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Teen Drug Abuse on Rise in Cambridge

Alcohol and marijuana abuse is on the rise among Cambridge high school students, according to a survey released last week.

The survey of Cambridge Rindge and Latin High School students showed that within a 30-day period, 40 percent of students responding had at least one alcoholic drink, 21 percent had smoked marijuana at least once and 13 percent had smoked at least one cigarette.

In 1992, 34 percent of Cambridge high school students reported drinking alcohol in the last month and 14 percent of students reported using marijuana, according to a survey.

Rates of substance abuse were substantially lower in Cambridge than in Massachusetts as a whole. Alcohol abuse was 9 percent higher and cigarette smoking was 21 percent higher in the state.

Substance abuse is also prevalent among students in or below seventh grade. Asked if they had ever used drugs, 21 percent of students said they had tried alcohol, 26 percent had smoked a cigarette and nine percent had tried marijuana.

Dr. Wayne M. Harding, a lecturer in psychiatry at Harvard Medical School who helped present the findings at a community meeting last Thursday, said the figures show the need to conduct more drug education before high school.

Harding also said he advocated implementing more drug programs for adults.

"I hate to present only student drug use. It is a common misconception that substance abuse is an adolescent problem. Use of drugs by people from 18 to 34 is much higher than those from 12 to 17," Harding said.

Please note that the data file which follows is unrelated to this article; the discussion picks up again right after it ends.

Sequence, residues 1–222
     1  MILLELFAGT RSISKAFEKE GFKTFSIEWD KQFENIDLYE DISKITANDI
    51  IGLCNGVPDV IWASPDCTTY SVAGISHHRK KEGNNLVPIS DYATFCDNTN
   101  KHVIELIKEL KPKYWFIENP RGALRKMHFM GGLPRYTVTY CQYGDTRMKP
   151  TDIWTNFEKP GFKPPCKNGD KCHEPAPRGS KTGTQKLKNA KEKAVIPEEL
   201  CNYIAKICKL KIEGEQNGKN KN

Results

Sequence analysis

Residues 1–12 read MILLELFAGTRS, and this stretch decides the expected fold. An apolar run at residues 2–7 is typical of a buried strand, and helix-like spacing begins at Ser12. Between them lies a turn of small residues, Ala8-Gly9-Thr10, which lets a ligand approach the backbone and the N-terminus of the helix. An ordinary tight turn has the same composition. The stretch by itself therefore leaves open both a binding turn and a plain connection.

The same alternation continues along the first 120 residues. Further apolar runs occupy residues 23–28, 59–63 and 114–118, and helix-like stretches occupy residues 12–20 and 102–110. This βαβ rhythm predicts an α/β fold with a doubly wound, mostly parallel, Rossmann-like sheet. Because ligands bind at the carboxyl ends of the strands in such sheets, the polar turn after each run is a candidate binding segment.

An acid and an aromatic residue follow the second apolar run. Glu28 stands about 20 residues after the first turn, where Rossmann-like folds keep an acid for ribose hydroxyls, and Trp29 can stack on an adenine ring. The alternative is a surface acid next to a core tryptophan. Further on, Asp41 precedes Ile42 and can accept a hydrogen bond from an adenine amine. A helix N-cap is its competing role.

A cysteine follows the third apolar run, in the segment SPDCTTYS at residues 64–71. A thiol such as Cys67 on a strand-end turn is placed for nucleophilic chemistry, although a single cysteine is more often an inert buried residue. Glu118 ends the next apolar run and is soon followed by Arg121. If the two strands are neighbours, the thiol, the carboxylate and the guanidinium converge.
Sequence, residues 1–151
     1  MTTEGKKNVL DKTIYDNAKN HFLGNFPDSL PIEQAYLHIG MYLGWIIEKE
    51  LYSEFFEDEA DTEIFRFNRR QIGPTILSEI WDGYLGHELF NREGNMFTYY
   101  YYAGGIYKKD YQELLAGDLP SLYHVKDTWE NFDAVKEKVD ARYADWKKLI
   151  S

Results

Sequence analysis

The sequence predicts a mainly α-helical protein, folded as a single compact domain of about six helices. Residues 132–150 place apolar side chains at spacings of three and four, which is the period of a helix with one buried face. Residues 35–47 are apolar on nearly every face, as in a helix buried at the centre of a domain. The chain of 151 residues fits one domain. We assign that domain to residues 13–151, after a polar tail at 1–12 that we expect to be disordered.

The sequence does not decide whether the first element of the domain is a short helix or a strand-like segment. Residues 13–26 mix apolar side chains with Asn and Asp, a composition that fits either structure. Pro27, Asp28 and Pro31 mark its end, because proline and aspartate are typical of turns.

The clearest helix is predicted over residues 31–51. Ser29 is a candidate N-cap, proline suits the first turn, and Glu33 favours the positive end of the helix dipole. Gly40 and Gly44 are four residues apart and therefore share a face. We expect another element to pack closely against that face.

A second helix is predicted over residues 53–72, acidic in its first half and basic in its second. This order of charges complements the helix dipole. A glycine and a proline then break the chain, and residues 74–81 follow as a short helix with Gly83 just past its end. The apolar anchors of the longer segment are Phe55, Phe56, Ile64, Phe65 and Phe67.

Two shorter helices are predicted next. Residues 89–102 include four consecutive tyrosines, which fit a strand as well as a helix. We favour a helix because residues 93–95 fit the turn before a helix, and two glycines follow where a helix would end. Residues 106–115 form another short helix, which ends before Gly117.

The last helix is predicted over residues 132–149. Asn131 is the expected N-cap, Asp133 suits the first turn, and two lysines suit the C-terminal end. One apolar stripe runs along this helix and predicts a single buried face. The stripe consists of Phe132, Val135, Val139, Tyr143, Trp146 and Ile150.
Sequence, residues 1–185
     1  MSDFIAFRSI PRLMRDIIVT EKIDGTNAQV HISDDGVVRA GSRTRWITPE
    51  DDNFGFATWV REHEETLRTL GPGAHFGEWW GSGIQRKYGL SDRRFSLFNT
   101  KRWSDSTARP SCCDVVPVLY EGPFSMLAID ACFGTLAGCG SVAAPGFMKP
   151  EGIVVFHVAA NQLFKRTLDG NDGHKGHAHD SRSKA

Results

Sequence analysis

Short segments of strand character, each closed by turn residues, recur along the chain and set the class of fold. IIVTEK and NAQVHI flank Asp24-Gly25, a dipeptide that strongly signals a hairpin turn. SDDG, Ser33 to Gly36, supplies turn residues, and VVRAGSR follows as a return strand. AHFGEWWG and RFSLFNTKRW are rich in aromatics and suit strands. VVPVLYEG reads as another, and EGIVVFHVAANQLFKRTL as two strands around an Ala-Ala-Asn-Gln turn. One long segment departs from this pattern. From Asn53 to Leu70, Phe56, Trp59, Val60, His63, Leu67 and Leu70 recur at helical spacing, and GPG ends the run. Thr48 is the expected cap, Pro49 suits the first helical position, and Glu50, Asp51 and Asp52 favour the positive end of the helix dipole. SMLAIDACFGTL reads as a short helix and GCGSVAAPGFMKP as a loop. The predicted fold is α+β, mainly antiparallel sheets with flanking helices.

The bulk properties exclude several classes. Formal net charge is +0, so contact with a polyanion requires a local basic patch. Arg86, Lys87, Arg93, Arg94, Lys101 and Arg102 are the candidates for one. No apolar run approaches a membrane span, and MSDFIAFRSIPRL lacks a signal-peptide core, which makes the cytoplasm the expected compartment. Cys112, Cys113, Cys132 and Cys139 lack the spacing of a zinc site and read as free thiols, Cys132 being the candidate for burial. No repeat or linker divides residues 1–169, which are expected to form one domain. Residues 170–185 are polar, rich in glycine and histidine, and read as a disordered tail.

The survey, which was conducted in April, was sponsored by the city's Substance Abuse Task Force.

The task force has supported many drug prevention programs in the Cambridge area. Chief among these is one which supplies mini-grants to youth organizations to train peer counselors.

John Vargos, director of the task force, said that one program has enlisted local bars and liquor stores in the fight against substance abuse.

"The stores and bars came together as a group to do their own monitoring, to do training on how to spot a fake ID, and to work towards a common piece of identification," Vargos said.

The task force is one of 219 drug prevention programs funded by the federal government to promote drug abuse awareness in local communities.

Harding said he agreed with the task force's goals, but also advocated more parental involvement.